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Which of the following four sentences has used the apostrophe in the correct way?

  1. Captain Jack Sparrow's (Johnny Depp) teeth were glinting in the sunlight.

  2. Captain Jack Sparrow (Johnny Depp)'s teeth were glinting in the sunlight.

  3. Captain Jack Sparrow (Johnny Depp's) teeth were glinting in the sunlight.

  4. Captain Jack Sparrow's (Johnny Depp's) teeth were glinting in the sunlight.

I have searched some reputable online dictionaries, but haven't found suitable examples demonstrating this specific usage of apostrophe with brackets.

Thanks.

  • See a similar question and answers to it here (english.stackexchange.com/questions/222298/…) – mahmud koya May 8 '18 at 7:59
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    All 3 constructions look peculiar. Consider Option 4: Captain Jack Sparrow's (Johnny Depp's) teeth were glinting in the sunlight. One of the "rules" of parentheses (brackets) is that the sentence should read grammatical even if the parenthetic word or phrase is removed. – English Student May 8 '18 at 8:02
  • @mahmudkoya Before asking this question, I looked at the question you mentioned. But in that question, the brackets contain additional information about the noun and that sentence could be re-structured easily. But in the question I have asked, the brackets contain an alternative to the original noun and I couldn't find help from the previously asked question you mentioned. – Soulless Rony May 8 '18 at 8:16
  • @EnglishStudent Your suggestion: Jack Sparrow's (Johnny Depp's) teeth, seems appealing than the other usages. But is it really necessary to use the apostrophe after the alternative inside the brackets? Does this look bad: Jack Sparrow's (Johnny Depp) teeth? Thanks. :) – Soulless Rony May 8 '18 at 8:32
  • You are most welcome! "Jack Sparrow's (Johnny Depp) teeth" reads awkward @Soulless Rony. As does "Jack Sparrow (Johnny Depp)'s teeth", though it sounds somewhat better. As I said the main "rule" of parentheses (brackets) is that the sentence should read grammatical even if the parenthetic word or phrase is removed, but your sentence should also read grammatical if the reader substitutes the parenthetic noun for the original noun. It's preferable if your noun alternative matches the noun. So it's better if one can read the sentence as "Jack Sparrow's teeth" or "Johnny Depp's teeth." – English Student May 8 '18 at 8:41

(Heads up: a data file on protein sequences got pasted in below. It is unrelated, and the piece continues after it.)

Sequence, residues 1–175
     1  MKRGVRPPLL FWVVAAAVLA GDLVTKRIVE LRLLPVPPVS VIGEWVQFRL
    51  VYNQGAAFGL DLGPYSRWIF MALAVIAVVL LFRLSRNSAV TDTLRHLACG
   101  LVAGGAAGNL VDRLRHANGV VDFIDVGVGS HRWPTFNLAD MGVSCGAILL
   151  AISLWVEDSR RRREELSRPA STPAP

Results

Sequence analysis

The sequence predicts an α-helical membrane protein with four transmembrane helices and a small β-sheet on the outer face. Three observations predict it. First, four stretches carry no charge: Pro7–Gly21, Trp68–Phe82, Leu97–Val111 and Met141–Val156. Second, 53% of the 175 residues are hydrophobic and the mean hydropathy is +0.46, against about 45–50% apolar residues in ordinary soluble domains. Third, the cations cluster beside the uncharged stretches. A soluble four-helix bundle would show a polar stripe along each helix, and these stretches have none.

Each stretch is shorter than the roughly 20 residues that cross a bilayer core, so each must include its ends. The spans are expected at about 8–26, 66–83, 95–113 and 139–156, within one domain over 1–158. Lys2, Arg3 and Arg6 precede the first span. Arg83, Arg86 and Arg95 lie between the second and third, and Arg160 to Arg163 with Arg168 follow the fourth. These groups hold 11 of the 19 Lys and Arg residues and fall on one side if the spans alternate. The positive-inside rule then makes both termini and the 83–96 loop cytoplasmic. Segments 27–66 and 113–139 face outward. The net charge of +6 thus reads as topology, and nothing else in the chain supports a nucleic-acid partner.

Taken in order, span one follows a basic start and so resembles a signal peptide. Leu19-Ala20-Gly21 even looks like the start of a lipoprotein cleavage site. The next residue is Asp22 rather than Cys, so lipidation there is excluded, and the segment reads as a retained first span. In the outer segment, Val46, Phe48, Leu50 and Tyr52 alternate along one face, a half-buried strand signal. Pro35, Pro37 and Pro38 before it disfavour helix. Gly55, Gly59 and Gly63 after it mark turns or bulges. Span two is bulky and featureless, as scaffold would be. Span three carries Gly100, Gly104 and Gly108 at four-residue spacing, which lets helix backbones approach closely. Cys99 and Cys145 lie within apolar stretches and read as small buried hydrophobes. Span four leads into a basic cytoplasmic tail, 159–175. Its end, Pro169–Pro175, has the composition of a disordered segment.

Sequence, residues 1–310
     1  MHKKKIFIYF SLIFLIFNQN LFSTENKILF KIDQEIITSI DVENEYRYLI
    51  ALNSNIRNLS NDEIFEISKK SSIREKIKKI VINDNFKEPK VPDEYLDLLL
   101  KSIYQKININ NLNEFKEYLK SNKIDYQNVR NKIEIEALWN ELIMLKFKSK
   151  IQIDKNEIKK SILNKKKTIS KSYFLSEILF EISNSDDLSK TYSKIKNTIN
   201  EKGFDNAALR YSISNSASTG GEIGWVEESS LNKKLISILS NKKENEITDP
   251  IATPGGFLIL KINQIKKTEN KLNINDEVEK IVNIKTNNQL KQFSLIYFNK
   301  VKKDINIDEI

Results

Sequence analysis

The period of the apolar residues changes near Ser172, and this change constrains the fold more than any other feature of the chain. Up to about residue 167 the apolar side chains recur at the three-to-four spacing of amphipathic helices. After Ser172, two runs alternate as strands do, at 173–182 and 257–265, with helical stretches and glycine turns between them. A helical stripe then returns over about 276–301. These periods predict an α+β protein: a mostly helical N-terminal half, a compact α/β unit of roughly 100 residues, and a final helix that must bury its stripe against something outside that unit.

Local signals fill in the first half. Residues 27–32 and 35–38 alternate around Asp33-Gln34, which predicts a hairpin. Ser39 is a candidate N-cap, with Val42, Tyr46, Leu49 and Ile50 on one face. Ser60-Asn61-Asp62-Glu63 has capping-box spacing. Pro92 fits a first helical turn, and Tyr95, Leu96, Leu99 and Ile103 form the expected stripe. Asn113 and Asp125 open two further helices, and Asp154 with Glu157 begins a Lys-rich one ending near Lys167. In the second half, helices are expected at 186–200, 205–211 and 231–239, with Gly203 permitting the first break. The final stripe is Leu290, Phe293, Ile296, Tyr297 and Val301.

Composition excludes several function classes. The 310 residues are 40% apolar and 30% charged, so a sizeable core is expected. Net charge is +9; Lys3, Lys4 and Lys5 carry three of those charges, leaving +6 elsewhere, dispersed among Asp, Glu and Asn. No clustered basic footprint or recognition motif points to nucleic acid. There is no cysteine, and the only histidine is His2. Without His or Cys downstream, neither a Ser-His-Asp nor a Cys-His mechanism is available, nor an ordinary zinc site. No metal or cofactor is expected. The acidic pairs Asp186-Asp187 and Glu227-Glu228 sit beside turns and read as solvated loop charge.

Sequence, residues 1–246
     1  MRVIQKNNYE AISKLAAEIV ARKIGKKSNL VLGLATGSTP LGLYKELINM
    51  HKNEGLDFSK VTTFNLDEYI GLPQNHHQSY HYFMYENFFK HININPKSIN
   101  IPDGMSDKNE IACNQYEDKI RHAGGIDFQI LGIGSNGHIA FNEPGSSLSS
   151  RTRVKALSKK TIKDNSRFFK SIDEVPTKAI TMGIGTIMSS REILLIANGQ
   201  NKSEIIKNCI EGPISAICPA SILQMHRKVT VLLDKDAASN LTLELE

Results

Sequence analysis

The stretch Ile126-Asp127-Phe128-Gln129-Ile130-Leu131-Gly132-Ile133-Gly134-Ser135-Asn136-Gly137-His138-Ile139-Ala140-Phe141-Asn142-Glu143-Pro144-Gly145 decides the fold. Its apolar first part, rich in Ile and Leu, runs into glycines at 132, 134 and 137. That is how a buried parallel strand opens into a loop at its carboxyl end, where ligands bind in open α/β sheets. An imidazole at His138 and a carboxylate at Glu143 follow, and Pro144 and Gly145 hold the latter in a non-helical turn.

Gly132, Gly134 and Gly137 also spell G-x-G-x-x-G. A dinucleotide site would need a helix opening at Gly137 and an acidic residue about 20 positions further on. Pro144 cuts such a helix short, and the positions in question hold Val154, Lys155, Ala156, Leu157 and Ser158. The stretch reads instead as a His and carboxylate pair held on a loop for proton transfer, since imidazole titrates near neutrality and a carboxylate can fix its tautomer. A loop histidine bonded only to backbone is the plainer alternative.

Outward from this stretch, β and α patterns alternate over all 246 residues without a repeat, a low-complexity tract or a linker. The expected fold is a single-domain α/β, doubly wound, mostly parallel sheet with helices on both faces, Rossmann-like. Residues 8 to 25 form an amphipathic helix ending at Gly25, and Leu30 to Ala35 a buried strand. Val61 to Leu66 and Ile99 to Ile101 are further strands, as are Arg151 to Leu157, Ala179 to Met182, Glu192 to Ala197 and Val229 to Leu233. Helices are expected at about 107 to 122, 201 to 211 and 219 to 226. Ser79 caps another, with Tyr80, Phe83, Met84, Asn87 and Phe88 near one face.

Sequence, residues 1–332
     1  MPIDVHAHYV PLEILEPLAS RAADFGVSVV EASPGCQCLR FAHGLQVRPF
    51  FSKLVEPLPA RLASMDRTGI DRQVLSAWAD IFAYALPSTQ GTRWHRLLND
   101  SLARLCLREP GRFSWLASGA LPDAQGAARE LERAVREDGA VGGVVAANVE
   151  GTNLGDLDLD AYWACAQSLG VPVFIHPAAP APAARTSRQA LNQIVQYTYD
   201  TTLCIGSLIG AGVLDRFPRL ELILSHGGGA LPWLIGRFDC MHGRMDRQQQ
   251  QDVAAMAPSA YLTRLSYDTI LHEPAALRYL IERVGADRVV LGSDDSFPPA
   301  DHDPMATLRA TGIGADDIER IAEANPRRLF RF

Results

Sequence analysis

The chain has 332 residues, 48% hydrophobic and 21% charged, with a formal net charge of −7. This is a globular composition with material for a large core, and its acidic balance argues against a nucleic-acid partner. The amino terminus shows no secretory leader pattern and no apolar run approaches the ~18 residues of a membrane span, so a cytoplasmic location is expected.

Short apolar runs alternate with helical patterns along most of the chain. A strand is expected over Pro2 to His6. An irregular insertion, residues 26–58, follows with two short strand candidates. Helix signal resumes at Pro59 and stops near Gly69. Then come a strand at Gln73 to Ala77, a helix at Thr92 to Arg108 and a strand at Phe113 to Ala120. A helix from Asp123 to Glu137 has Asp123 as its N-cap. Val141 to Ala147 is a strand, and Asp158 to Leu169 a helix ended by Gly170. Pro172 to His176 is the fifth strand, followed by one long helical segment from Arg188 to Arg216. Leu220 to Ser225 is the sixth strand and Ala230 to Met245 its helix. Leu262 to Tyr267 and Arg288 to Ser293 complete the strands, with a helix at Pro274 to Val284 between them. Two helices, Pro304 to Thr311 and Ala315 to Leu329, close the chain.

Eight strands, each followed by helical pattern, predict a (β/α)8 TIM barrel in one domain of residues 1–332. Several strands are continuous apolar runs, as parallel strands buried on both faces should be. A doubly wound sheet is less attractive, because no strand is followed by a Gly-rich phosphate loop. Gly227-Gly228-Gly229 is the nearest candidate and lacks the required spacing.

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"Captain Jack Sparrow (Johnny Depp)'s teeth" would be the most natural and logical way to put it, the whole of "Captain Jack Sparrow (Johnny Depp)" being considered the noun phrase.

That said, such tricky structures better be rephrased:

"Captain Jack Sparrow (Johnny Depp), his teeth glinting in the sunlight."

HTH.

  • Can you apply an apostrophe to an "entire noun phrase" @Kris? As in, the fastest animal in the world's highest recorded speed is 120kmph? – English Student May 8 '18 at 8:04
  • @EnglishStudent Theoretically, yes, certainly. In practice though, as I already noted, sometimes restructuring will be needed. And no, "(the fastest animal in the world)'s highest recorded speed is 120kmph" suffers from poor readability, not grammatical error. – Kris May 8 '18 at 8:10
  • Thanks for the clarification @Kris. Note that my own example sentence did not include brackets, but I get your point: grammatical but awkward. That's probably why most writers would prefer to rephrase the sentence. – English Student May 8 '18 at 8:12
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Captain Jack Sparrow's (Johnny Depp's) teeth were glinting in the sunlight makes most sense. So, none of the above.

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